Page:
'The engine noise is giving me a headache. Can you turn it off?'
This one might be the winner. According to cabincrew.com, one passenger asked his flight attendant what the "dull whirring sound" was, complaining of a headache. Even after the attendant told him that it was, in fact, the engine, the passenger requested that the attendant tell the captain to shut it off. When this request was denied, the passenger threatened to file a complaint saying that the airline's terms and conditions "did not state how loud the engines were during the flight." Oh well...flying isn't for everyone. Next, check out the craziest requests VIP hotel guests have ever made.
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Regardless of the airlines’ current intentions for the cameras, some experts remain wary. It’s not so much that the airlines themselves would want to spy on you while you nibble on that free biscotti, but that hackers might find ways to get ahold of those recordings. “These may potentially result in VIP passengers’ communications being eavesdropped [on], passport data being photographed while filling customs declarations, [or] entering of secret PIN codes or passwords to unlock users’ devices [being] recorded on video,” malware researcher Vitaly Kamluk told CNN Travel; it was Kamluk’s tweet about Singapore Airlines’ cameras that brought them into the public eye.
Others are quick to point out that a camera on a flight where you’re already surrounded by strangers is probably the least of your worries. “Cameras on aircraft are in one of the most secure environments possible with limited connectivity that is constantly monitored by outside companies,” points out the Airline Passenger Experience Association in a written statement. “In contrast, the greatest risk to airline passenger privacy breaches [comes] from their own smartphones, tablets, cameras, computers, and smart devices used in private settings.” For instance, you’ll want to watch out for these 16 clear signs you’re about to be hacked.
If the idea of having a camera staring at you for an entire long-haul flight gives you the heebie-jeebies—even if it isn’t on—a simple solution could be to carry a BandAid or a pack of small Post-it Notes with you. Tear off a sheet, stick it over the camera, and voilà! A physical block guarding you from spies. Now that you know how to stop potential spies, learn how to fix these 16 air travel mistakes you need to stop making.
It might sound like fun, but you'll need to have a seriously solid grasp on fine wines and fizz before you cater to Emirates' first class passengers. And according to Collins this is by way of a wine education course.
"When you’re serving things like Dom Perignon and Bordeaux, you need to have a thorough understanding of what you’re pouring," she told the magazine. "We need to know the difference between old world and new world wines, as well as champagnes, bourbons, whiskeys, and other spirits."
... And brush up on your 'silver service' dining etiquette
"In economy there’s just one tray; in First Class, we have 'silver service' dining, so appetizers, main courses, and desserts are all served at different times, and customers can 'dine on demand' whenever they want," she said.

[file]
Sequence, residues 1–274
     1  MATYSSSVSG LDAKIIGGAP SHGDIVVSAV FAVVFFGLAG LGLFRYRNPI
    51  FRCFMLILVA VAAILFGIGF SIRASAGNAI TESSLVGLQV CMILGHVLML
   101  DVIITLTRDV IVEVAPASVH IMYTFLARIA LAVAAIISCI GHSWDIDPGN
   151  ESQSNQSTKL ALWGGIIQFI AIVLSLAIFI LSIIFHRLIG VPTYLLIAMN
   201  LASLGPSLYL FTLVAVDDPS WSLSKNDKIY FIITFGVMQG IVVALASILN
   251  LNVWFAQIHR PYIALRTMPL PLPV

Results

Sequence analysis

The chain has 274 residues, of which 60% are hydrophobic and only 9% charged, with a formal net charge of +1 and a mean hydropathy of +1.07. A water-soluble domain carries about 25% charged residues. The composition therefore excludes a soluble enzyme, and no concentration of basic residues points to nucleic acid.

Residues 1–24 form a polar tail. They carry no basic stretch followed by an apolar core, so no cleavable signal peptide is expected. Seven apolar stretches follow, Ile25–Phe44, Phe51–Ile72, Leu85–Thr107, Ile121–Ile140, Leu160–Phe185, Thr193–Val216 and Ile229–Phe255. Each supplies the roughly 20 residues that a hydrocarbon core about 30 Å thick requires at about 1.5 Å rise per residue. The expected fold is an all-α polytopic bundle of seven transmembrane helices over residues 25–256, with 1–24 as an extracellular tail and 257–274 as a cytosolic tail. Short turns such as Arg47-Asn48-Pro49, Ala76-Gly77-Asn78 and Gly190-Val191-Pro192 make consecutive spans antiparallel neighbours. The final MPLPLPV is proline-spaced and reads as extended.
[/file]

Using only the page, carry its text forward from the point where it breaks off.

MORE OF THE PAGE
"We’re taught all the etiquette about cutlery and the different plates used for each course."
You'll have to learn how to do your makeup perfectly
According to Collins, you'll have to abide by a set of guidelines on what's appropriate aesthetically while flying.
"Emirates likes to keep uniformity," she told the magazine. "Your nails can be nude, light pink, or you can have a French manicure. We also have different variations of red nail polish that are outlined by the Imaging and Grooming Department. An 'Emirates red' lipstick with lip liner is required."
And there's apparently one lipstick, in particular, that's popular among the airline's flight attendants. Collins told the magazine: "We like to use Mac’s Russian Red because it stays for a long time."
You'll also want to master the perfect flick, as liquid eyeliner is "recommended," while eye shadow can either be black or beige, she said.
Before first class passengers have even boarded, you'll have to do some homework
"We have a briefing and a team talk before each flight, where we'll review the customers who are traveling with us, including any VIPs," Collins told the magazine. "We get their names and have information about them stored in on-board tablets."
You'll then be expected to use this tablet to make notes about your VIP's likes, dislikes, dietary requirements, and the purpose of their trip throughout the journey, she explained.
You can swap your shoes, but only after take off ... but when parading through the airport, it’s strictly heels-on
"In the airport and during the boarding process we wear heels, but we can change into red flats after take-off. Some girls prefer not to, but I couldn’t be in heels for a 16-hour flight. After take-off we switch to 'service attire' — we remove the jacket and add a waist coat."
She added that you can easily identify the head flight attendant, or the "purser," by what they're wearing. "Our standard uniform is the skirt and white shirt with a jacket, hat, and scarf. Every crew member dresses the same, except for the purser who wears a brown color," she told Town & Country.